They perceive bitcoin and its clones as a rebellion against an economic system they are excluded from. They know the only thing the current system has to offer them is a lifetime of debt, low wages and temporary jobs. So bitcoin is seen as the technological solution that will deliver what the system couldn’t : actual financial security. They see it as both a way to get rich – the only way to be truly secure and escape the rat race of a rigged economy – and as a genuine threat to the system. ‘Banks fear bitcoin because they can’t control it!’. The analysis is that something that both threatens banks and that is technologically out of reach of the people currently running the economy can only be a Very Good Thing.

    The cryptocurrency mirage is one more symptom of a generation that is utterly politically defeated. A generation that has completely given up on collective action. Technology, not politics, is seen as the only way to change the system. Maybe you’ve heard something along the line of ‘Bitcoin is great because you don’t have to trust anyone!’.

    Yet, all technology has done for millennial is to sharply increase the gross inequality they rightly resent.

    The internet, just like bitcoin, is built around radical decentralisation, like bitcoin, it came with promises of delivering a techo utopia. Both were portrayed as extremely egalitarian and ripe with opportunity. Censorship free decentralized digital communication was supposed to free us. 25 years later how does that freedom look like? Well, the thing that was delivered is surveillance capitalism, minimum wage Amazon warehouse jobs for the many and billions of dollars for the very, very few. We went from techo utopia to digital neofeodalism. Bitcoin is another manifestation of that process.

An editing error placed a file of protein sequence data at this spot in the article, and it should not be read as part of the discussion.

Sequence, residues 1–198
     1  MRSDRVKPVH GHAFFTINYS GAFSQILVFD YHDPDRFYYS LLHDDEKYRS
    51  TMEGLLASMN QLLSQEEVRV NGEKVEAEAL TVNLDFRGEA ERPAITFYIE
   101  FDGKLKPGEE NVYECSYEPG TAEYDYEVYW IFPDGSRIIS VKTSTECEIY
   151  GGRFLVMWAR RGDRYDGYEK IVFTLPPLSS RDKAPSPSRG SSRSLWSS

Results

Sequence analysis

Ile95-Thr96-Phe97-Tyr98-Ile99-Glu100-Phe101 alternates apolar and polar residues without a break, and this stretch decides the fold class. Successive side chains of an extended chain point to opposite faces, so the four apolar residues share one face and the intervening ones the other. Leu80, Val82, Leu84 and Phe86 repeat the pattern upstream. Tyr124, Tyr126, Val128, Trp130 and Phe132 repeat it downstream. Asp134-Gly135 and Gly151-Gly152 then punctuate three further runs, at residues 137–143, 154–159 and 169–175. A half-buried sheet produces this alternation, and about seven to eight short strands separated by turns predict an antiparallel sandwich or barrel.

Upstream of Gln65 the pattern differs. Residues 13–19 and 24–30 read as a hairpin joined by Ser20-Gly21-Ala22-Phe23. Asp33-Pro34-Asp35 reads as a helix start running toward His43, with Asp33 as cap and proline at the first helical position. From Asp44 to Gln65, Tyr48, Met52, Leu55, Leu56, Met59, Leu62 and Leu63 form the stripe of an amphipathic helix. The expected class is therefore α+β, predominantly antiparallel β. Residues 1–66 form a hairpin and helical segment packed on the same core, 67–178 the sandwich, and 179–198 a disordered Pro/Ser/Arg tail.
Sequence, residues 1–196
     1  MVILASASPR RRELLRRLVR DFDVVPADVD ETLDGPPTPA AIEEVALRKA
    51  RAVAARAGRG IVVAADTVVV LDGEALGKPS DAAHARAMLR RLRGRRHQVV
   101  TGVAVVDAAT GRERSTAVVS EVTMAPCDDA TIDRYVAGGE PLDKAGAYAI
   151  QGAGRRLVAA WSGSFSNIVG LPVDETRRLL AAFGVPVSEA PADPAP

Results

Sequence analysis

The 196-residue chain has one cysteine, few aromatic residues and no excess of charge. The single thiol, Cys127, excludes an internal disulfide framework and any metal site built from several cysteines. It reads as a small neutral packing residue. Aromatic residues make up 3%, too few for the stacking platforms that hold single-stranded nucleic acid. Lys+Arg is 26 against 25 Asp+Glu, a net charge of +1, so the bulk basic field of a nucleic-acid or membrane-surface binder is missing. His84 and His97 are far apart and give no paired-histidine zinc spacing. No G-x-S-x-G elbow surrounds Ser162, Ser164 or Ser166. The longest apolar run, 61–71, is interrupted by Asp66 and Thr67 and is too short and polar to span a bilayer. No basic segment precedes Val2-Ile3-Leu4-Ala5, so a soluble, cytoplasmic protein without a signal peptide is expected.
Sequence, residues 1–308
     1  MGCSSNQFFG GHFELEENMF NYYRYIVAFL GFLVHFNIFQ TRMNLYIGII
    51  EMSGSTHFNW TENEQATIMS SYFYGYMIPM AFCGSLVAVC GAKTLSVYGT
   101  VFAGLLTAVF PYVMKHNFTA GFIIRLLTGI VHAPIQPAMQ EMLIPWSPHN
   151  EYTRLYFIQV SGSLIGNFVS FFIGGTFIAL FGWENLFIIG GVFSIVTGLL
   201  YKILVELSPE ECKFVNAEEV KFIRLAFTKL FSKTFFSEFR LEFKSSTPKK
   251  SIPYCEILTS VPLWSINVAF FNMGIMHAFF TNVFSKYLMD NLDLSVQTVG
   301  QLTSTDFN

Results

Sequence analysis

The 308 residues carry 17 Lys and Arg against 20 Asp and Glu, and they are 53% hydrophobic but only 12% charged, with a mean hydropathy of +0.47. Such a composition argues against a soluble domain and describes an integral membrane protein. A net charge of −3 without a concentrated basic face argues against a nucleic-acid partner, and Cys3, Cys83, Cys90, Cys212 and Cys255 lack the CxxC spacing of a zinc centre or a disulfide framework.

Reply
  12. Craig H.

    Some of this may be desperation. I have lost track of the number of family members’ and friends’ stories of recent college grads with huge student loan debts, poor career prospects, subsisting, moving back home and depressed. The bitcoin tale is exceptionally stupid but I am sad to say it does not surprise me.

    Basic economic literacy is as important as reading and writing and arithmetic. Maybe we could use a secular Dave Ramsey. His debt message is gold but his bible thumping has turned off every single person I have tried to peddle him to who could really use attending to his debt message.

    The typical student loan pitch given to high school seniors may not be as big a scam as bitcoin but it is a scam. Most kids are not scholars and if you are not a scholar borrowing a bunch of money to attend college is not a great idea.

    Reply
  13. Jim Haygood

    File this under res ipsa loquitur too:

    Meet the 11-year-old cryptocurrency guru launching his own ICO

    George Weiksner, the 11-year-old CEO of Pocketful of Quarters, is creating a cryptocurrency for online gaming platforms.

    https://tinyurl.com/yagcvfel